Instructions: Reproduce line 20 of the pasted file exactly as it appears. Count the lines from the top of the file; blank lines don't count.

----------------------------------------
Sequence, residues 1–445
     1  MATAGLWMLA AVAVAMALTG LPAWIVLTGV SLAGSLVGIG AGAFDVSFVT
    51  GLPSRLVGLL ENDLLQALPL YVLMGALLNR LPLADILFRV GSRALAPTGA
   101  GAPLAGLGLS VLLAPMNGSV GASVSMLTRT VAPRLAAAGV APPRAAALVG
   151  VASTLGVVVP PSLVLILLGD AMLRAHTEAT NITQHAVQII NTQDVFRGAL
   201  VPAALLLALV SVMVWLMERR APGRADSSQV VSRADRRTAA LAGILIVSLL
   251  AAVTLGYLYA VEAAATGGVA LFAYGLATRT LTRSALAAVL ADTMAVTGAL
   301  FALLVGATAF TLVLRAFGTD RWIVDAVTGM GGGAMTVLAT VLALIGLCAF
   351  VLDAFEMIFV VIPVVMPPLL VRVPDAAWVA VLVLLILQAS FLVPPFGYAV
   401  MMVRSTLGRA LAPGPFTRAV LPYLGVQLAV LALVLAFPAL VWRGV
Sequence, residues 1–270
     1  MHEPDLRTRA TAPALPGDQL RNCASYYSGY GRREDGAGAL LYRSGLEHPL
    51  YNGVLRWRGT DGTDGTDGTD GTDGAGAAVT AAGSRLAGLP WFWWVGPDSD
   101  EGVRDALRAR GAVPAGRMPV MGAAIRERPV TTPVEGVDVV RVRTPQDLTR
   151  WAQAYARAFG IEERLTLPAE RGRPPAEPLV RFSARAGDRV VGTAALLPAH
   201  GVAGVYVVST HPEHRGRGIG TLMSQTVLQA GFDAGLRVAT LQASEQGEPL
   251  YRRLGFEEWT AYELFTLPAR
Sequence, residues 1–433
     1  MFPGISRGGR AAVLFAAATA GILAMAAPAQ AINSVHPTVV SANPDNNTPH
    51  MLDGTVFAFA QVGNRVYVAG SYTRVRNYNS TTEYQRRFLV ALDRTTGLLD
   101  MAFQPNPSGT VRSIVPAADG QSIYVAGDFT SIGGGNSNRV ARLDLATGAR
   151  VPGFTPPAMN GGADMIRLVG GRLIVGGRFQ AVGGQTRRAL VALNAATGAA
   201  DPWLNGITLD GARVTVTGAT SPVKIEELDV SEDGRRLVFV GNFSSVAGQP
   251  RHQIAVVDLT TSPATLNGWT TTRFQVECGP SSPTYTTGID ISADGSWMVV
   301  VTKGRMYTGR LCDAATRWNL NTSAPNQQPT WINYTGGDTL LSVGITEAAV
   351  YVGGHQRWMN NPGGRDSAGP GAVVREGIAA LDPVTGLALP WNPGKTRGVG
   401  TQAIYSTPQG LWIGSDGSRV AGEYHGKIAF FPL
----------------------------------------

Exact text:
    51  MLDGTVFAFA QVGNRVYVAG SYTRVRNYNS TTEYQRRFLV ALDRTTGLLD